Indigenous people of the Amazon produced rich agricultural soil by adding charcoal, manure, and animal bones to the otherwise nutrient-poor dirt of the world’s greatest rainforest. The inputs allowed early indigenous people to farm their terra preta, or dark earth, sustainably in the Amazon. To date such practices are only known from the the Amazon and parts of Africa. But in a recent paper in the open access journal Forests scientists in Indonesian Borneo report on the first evidence of terra preta in Asia.
“Our surveys in East Kalimantan identified several sites where soils possess an anthropogenic [human-caused] development and context similar in several respects to the Amazon’s Anthropogenic Dark Earths. Similarities include riverside locations, presence of useful fruit trees, spatial extent as well as soil characteristics such as dark color, high carbon content (in some cases), high phosphorus levels, and improved apparent fertility in comparison to neighboring soils,” the researchers write, adding that, “local people value these soils for cultivation but are unaware of their origins.”
Left: nutrient-poor Amazon natural soil. Right: terra preta, rich dark earth, produced by human impacts in the Amazon. Photo by: Bruno Glaser.
Scientists and experts have become profoundly intrigued by terra preta since replicating the complex and still beguiling process could be a major solution to many of the world’s environmental and hunger problems. Enhancing nutrient-poor tropical soil could decrease deforestation through slash-and-burn agriculture, produce more food on less land, sequester significant amounts of carbon, and lessen the need for environmentally-damaging fertilizer.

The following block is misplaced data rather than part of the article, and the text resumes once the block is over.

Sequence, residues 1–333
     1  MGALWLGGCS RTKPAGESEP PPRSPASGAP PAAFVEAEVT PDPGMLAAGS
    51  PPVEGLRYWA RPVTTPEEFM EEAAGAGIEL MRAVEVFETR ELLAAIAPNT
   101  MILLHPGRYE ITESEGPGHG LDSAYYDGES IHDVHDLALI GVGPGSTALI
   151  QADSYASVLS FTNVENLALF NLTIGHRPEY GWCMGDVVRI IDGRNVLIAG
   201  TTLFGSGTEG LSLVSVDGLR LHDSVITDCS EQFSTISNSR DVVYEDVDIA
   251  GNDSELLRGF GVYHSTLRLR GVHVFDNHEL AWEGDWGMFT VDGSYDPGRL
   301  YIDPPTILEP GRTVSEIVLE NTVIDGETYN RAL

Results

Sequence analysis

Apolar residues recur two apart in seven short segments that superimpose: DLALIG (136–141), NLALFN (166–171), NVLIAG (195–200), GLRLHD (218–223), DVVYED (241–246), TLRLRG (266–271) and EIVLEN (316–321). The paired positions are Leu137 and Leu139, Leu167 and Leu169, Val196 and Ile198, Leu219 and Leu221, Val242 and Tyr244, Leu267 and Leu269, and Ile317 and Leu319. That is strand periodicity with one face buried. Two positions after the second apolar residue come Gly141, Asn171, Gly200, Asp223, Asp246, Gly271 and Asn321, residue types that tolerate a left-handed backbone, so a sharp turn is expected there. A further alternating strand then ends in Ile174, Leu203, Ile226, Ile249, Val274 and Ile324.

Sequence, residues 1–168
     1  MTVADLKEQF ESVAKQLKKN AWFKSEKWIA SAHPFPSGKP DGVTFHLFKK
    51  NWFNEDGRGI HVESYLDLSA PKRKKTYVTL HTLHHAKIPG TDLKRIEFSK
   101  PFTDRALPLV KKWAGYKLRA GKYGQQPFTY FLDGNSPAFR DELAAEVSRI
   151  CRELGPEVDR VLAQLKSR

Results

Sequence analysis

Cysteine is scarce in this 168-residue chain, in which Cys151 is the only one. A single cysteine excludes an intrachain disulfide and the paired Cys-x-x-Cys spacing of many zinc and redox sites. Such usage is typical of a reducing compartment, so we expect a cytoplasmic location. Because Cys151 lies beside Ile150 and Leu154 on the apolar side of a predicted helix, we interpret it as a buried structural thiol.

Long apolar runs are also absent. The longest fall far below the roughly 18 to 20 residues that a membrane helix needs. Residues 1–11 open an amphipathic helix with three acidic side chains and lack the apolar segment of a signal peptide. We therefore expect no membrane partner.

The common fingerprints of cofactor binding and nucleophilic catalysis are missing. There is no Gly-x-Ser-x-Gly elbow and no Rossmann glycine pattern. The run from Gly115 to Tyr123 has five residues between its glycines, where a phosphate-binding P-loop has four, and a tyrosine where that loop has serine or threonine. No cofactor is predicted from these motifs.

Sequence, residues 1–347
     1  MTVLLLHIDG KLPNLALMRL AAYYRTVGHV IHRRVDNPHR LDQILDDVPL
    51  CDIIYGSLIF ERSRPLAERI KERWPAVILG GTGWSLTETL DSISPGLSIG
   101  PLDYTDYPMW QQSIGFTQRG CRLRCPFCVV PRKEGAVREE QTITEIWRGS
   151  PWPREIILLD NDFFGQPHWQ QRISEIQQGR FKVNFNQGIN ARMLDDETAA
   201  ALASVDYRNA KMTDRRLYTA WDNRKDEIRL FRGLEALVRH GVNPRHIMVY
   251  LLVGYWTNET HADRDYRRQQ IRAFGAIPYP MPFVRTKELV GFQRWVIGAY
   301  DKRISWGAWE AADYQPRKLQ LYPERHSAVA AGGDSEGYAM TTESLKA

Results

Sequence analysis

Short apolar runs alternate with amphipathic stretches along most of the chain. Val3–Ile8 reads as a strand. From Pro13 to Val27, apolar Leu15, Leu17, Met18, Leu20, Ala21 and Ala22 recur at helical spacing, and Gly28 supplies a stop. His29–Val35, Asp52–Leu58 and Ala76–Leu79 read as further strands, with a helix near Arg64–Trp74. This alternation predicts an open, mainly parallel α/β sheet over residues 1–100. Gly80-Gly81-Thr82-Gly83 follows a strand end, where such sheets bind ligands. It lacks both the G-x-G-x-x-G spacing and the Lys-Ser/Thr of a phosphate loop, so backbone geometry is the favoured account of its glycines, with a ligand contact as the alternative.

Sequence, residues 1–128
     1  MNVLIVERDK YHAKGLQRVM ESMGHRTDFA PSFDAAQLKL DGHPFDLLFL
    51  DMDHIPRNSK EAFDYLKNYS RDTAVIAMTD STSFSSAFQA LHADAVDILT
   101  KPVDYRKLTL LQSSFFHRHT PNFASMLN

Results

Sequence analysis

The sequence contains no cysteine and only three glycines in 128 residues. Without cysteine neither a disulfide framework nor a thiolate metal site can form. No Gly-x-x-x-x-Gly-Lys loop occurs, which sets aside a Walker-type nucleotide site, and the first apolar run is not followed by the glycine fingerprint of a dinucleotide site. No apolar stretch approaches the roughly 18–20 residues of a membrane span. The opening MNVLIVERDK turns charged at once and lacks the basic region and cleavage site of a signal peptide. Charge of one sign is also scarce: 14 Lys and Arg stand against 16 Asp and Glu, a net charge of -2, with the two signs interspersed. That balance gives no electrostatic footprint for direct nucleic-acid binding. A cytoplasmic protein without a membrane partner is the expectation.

Sampling several hundred sites near Malinau, Kalimantan researchers found intriguing evidence of possible terra preta on the island of Borneo, but say further research is necessary.
“Human activity appears to be the only plausible explanation, yet we are uncertain about the age of the soils, who created them, by what processes and in what historical period(s),” the researchers write. “Farmers recognize the dark soils and favor them for both annual and perennial crops, yet they do not know what led to their formation.”
CITATION: Douglas Sheil, Imam Basuki, Laura German, Thomas W. Kuyper, Godwin Limberg, Rajindra K. Puri, Bernard Sellato, Meine van Noordwijk, and Eva Wollenberg. Do Anthropogenic Dark Earths Occur in the Interior of Borneo? Some Initial Observations from East Kalimantan. Forests. 2012. doi:10.3390/f30x000x.
(04/11/2012) Indigenous populations in the Amazon successfully farmed without the use of fire before the arrival of Europeans, demonstrating a potentially sustainable approach to land management in a region that is increasingly vulnerable to man-made fires.